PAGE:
Particular exposure is not a risk factor

Exposure increases disease risk(Risk factor)

Exposure reduces disease risk


types of cohort studies
Types of Cohort Studies
  • Prospective
    • Exposure baseline in the present
    • Follow-up period: present to future
  • Retrospective:
    • Exposure baseline in the past
    • Follow-up period: past to present
  • Historical prospective or ambispective:
    • Exposure baseline in the past
    • Follow-up period: past to present to future
cohort study data collection pg 221
Cohort study data collection (pg. 221)











Historical prospective




types of cohort studies cont
Types of Cohort Studies (cont.)
  • You may also NEST a case-control study within a cohort study


    • Begin with a cohort of 10,000 individuals without rheumatoid arthritis
    • Test for the presence of RA antigen
    • Assume those with RA antigen are the exposed and those without the controls
    • Follow for 10 years and determine the incidence of disease among both cohorts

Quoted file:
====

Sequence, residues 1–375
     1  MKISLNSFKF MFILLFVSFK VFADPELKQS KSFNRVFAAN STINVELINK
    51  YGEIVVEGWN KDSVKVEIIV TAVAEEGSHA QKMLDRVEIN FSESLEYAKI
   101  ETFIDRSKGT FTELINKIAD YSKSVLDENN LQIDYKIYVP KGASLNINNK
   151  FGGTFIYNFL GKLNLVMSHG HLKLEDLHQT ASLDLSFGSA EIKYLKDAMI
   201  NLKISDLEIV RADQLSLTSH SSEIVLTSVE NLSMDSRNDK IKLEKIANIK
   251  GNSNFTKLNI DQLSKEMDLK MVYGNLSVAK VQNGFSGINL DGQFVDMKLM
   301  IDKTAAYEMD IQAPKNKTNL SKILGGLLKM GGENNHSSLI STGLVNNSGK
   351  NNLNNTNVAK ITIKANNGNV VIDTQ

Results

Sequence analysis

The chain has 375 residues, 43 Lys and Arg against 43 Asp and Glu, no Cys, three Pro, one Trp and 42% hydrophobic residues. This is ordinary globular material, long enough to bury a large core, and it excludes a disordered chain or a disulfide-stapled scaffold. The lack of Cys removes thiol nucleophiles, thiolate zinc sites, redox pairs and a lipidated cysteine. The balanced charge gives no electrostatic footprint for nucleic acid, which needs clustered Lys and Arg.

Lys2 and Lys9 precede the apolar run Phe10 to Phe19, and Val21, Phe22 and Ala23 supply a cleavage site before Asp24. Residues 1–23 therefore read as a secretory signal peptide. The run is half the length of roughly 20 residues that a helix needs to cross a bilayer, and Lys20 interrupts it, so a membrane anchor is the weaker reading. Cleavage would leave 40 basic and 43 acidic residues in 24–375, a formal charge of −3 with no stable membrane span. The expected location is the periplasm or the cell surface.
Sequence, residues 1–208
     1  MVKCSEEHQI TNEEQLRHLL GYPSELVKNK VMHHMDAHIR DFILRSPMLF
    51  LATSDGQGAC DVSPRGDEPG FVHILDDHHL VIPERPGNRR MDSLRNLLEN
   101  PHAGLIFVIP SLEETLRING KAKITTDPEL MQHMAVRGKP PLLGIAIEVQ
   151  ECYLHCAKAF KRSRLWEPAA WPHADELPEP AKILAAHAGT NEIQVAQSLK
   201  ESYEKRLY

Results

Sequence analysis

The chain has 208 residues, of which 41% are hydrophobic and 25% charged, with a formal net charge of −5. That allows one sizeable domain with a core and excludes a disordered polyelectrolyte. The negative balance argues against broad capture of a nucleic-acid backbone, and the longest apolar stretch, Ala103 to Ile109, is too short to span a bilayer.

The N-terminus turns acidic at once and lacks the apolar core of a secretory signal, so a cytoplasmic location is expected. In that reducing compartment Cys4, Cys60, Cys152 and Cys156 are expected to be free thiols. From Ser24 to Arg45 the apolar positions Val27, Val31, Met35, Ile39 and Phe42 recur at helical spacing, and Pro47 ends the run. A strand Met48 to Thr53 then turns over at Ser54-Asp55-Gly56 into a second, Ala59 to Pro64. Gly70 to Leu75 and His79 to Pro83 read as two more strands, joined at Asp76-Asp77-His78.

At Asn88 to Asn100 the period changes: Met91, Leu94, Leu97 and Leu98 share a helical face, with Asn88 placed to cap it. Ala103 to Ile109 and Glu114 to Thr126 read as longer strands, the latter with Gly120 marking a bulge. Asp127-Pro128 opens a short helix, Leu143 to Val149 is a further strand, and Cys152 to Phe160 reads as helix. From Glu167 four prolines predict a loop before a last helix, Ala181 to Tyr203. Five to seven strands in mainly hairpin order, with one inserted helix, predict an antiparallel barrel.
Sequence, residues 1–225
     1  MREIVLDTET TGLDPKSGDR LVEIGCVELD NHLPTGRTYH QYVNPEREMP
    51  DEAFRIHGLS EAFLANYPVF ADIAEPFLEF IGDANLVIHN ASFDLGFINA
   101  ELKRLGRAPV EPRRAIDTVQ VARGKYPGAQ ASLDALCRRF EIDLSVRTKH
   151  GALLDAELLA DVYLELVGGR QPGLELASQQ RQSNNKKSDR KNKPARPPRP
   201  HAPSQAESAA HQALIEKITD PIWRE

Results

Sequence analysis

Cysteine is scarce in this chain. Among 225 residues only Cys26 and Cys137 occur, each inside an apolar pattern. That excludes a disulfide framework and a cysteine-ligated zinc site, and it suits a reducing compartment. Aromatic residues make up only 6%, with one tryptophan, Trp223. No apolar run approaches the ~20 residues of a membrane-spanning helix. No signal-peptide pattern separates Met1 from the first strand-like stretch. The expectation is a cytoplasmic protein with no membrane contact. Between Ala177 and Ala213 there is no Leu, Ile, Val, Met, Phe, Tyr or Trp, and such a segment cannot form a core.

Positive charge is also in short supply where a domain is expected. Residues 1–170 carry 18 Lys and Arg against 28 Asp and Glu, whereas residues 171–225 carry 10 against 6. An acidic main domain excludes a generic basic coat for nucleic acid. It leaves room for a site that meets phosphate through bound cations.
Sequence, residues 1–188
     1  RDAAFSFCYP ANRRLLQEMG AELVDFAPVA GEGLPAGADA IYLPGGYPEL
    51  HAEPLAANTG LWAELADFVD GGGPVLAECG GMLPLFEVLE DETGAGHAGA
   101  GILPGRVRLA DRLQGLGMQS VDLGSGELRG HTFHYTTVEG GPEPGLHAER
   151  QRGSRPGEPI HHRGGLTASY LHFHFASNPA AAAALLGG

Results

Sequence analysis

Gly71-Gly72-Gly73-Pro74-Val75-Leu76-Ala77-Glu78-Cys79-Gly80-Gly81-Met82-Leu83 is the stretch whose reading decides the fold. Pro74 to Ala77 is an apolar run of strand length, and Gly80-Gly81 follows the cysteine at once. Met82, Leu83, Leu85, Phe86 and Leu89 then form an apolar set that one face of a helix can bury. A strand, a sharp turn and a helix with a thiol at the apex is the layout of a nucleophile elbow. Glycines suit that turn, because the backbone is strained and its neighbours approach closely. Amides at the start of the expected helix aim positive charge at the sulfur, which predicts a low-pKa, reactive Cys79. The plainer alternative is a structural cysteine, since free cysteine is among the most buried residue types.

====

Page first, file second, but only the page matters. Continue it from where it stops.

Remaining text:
• This reduces the cost of testing
outcome measures
Outcome Measures
  • Incidence in the exposed
  • Incidence in the unexposed
  • Relative risk
  • Attributable risk (risk difference)
  • Population attributable risk
  • Attributable risk percent
  • Population attributable risk percent
  • Standardized mortality ratio
advantages of cohort studies
Advantages of Cohort Studies
  • Temporality: Exposure precedes outcome because the cohort is disease free at baseline
  • Efficient for studying rare exposures
  • May be used to study multiple outcomes
  • Allows for calculation of incidence of diseases in exposed and unexposed individuals
  • Minimizes recall bias
disadvantages of cohort studies
Disadvantages of Cohort Studies
  • Tend to be expensive (large sample size) and time consuming (long follow-up period)
  • Loss to follow-up
    • When multiple outcomes or specific disease incidence is the outcome of interest, bias can be a serious problem
  • Inefficient to study rare diseases
disadvantages of cohort studies cont
Disadvantages of Cohort Studies (cont.)
  • Nonparticipation (selection bias) – it cannot be assumed that those who chose to participate had the same prevalence of exposures nor incidence of disease as those who did not participate
    • A difference in prevalence of exposure in nonparticipants will not bias the results
    • A difference in rate of disease among nonparticipants will bias the results